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Tips for Preventing Identity Theft and Fraud
Tips for Preventing Identity Theft and Fraud

There are many ways criminals can commit fraud. From identity theft, to credit card and telemarketing scams, criminals are becoming increasingly more adept at gaining access to your personal information and funds. To help combat a rise in fraud and identity theft and maintain Members’ peace of mind and security, we formed a special department with the primary objective of preventing fraud and information misuse. New security systems and procedures were put in place and are continually evaluated to ensure the highest level of security. However, the most important factor in combating fraud is educating our Members about the various types of fraud and ways they can avoid becoming a victim.


Identity Theft
The 1990s spawned a new kind of criminal called an identity thief—one who steals personal information to make purchases or obtain new credit in your name. That’s why, now more than ever, it’s important to keep important numbers private, such as Social Security, credit card, and personal identification numbers.


Unlike a crook who steals your credit card and goes on a “fraud shopping spree,” then quickly discards your card, identity thieves aren’t interested in your open accounts. Armed with not much more than your date of birth and Social Security number, identity thieves can open new credit accounts in your name, and then use them to purchase goods and services without your knowledge. Because these criminals give creditors an address other than your own, you may never know you’ve been victimized until your next loan application is turned down because of your “bad” credit.


While identity theft is on the rise, there are some basic precautions you can take to significantly lower your risk:


Watch the Mail

  • Never leave incoming or outgoing mail unattended in your mailbox.
  • Any mail containing financial information or checks should be dropped off inside the post office.
  • For added security, get a post office box or a locking mailbox.
  • Request a vacation hold on your mail, even for a weekend getaway.
  • Act quickly if a bill or statement doesn’t arrive on time.
Guard Your Information
  • Know who you’re giving your information to, especially on the phone or online. Be especially wary of disclosing your Social Security number, birth date, and driver’s license, and never do so unless you initiate the contact.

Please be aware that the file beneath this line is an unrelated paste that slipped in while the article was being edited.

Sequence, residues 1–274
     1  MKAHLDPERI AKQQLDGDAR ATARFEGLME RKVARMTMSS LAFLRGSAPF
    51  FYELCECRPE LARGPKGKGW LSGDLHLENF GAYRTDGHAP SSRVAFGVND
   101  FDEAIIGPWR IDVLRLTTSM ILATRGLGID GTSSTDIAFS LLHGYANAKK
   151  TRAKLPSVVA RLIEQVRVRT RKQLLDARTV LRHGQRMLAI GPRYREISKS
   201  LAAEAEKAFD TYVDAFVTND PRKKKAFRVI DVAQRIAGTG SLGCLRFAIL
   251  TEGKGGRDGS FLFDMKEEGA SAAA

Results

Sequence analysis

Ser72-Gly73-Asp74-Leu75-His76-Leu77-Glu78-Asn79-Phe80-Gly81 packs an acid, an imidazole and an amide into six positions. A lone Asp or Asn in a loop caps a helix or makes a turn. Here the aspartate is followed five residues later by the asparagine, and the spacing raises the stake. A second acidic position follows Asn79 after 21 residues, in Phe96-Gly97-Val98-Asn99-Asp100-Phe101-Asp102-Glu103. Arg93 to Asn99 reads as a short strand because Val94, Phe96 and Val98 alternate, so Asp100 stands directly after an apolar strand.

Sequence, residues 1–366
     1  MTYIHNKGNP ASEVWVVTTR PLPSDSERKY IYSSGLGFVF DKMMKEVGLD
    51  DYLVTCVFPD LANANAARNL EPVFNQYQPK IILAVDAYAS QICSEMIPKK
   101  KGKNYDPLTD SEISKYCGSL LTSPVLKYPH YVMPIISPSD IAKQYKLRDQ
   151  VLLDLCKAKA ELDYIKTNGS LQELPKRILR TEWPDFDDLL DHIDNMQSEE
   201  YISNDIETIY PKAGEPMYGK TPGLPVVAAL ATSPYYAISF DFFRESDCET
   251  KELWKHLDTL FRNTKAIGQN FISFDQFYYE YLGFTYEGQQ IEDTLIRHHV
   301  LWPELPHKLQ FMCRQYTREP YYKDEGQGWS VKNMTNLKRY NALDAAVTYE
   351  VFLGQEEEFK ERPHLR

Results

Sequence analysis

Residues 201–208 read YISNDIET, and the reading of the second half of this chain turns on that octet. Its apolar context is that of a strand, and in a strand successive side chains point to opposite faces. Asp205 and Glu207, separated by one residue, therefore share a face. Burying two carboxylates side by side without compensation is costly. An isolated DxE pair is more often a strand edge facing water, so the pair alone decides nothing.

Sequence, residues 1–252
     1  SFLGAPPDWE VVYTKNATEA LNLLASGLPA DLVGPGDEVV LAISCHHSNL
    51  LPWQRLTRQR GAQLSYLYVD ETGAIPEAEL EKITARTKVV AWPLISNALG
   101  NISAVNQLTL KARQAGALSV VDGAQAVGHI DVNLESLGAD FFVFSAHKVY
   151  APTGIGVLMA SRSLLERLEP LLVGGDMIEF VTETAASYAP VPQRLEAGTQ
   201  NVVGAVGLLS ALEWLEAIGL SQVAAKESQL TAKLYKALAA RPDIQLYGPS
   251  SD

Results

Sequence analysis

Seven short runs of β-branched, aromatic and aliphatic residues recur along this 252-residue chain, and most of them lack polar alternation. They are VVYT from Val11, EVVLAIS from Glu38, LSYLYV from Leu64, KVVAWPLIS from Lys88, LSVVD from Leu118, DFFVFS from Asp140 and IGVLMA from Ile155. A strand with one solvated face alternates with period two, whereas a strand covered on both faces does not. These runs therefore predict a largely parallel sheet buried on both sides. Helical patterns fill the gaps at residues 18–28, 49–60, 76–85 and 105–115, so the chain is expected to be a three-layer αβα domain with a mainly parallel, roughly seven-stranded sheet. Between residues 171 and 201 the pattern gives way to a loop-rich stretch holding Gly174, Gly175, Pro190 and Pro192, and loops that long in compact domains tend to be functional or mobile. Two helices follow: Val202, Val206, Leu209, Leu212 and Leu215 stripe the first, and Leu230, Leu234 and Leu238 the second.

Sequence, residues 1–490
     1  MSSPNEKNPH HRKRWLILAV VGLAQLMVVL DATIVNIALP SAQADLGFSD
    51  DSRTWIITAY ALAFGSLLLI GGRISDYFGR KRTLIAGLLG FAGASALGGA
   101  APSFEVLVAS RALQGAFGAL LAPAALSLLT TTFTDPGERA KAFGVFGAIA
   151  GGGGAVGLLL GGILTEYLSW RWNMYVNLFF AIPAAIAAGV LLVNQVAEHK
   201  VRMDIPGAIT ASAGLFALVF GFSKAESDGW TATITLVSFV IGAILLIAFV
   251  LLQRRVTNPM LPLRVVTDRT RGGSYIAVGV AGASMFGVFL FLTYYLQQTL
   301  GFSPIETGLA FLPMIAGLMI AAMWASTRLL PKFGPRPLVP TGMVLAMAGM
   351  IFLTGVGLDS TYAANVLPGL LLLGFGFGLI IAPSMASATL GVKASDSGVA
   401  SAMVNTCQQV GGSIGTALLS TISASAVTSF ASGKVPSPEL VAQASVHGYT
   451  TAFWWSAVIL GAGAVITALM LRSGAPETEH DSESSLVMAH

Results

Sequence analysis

• Carry as little identification as you need and keep your Social Security card and any unnecessary forms of identification in a secure location at home.
  • Never use your Social Security number as an account number or ID number—ask that it be changed to another number.
Use Caution When Storing and Disposing of Information
  • Before throwing documents in the trash, shred anything that has financial or personal information.
  • Close any accounts you no longer use and destroy cards or other identifying information.
  • Shred unsolicited credit offers and any transaction or purchase receipts you don’t need.
  • Keep a list of all your account numbers and contact information.
  • Keep this list in a secure location and do not take it with you when you travel.
Protect Your Passwords
  • Passwords are hard to remember, but don’t use the same one for everything.
  • Use a combination of numbers and letters for passwords, and never use easy-to-guess passwords, such as birth dates, street address, phone numbers, your name, or any series of consecutive numbers.
  • Password-protect every account you can, including credit card, credit union, bank, and phone accounts.
  • Store passwords in a safe place if you can’t memorize them, and never take them with you.
  • Never store passwords on a laptop or notebook computer, as it may be lost or stolen.

Monitor Your Credit Reports

Criminals count on your unsuspecting cooperation. The longer they avoid detection, the longer they can continue using your good name.

  • The best way to spot identity theft is to monitor your credit reports at least once a year.
  • Watch for any activity you didn’t initiate and notice who has been making inquiries into your report. Act immediately if you suspect a problem.
  • Be sure to order reports from each of the three credit-reporting agencies, as each may contain different information. 
To order a credit report:


P.O. Box 740241
Atlanta, GA 30374-0241


P.O. Box 2104
Allen, TX 75013


P.O. Box 1000
Chester, PA 19022


To report fraud, notify any of the three major credit-reporting agencies.

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